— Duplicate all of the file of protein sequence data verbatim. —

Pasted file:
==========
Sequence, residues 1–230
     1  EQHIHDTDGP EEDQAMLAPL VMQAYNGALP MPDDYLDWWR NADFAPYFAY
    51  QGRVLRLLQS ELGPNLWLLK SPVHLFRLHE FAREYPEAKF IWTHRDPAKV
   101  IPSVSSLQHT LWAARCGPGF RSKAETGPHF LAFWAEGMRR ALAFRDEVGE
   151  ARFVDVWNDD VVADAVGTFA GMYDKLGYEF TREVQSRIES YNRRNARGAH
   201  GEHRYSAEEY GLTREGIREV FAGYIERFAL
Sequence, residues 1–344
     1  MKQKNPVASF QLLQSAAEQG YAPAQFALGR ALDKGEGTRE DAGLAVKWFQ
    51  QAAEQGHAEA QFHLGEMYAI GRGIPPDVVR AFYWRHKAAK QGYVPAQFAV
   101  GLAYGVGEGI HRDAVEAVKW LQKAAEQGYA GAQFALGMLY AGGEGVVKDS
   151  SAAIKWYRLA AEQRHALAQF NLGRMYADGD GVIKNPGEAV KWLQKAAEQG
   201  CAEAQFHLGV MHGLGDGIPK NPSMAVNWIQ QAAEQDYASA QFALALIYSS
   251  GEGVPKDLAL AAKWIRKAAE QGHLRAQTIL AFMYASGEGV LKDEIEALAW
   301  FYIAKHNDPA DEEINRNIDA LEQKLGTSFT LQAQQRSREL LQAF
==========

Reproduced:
Sequence, residues 1–230
     1  EQHIHDTDGP EEDQAMLAPL VMQAYNGALP MPDDYLDWWR NADFAPYFAY
    51  QGRVLRLLQS ELGPNLWLLK SPVHLFRLHE FAREYPEAKF IWTHRDPAKV
   101  IPSVSSLQHT LWAARCGPGF RSKAETGPHF LAFWAEGMRR ALAFRDEVGE
   151  ARFVDVWNDD VVADAVGTFA GMYDKLGYEF TREVQSRIES YNRRNARGAH
   201  GEHRYSAEEY GLTREGIREV FAGYIERFAL
Sequence, residues 1–344
     1  MKQKNPVASF QLLQSAAEQG YAPAQFALGR ALDKGEGTRE DAGLAVKWFQ
    51  QAAEQGHAEA QFHLGEMYAI GRGIPPDVVR AFYWRHKAAK QGYVPAQFAV
   101  GLAYGVGEGI HRDAVEAVKW LQKAAEQGYA GAQFALGMLY AGGEGVVKDS
   151  SAAIKWYRLA AEQRHALAQF NLGRMYADGD GVIKNPGEAV KWLQKAAEQG
   201  CAEAQFHLGV MHGLGDGIPK NPSMAVNWIQ QAAEQDYASA QFALALIYSS
   251  GEGVPKDLAL AAKWIRKAAE QGHLRAQTIL AFMYASGEGV LKDEIEALAW
   301  FYIAKHNDPA DEEINRNIDA LEQKLGTSFT LQAQQRSREL LQAF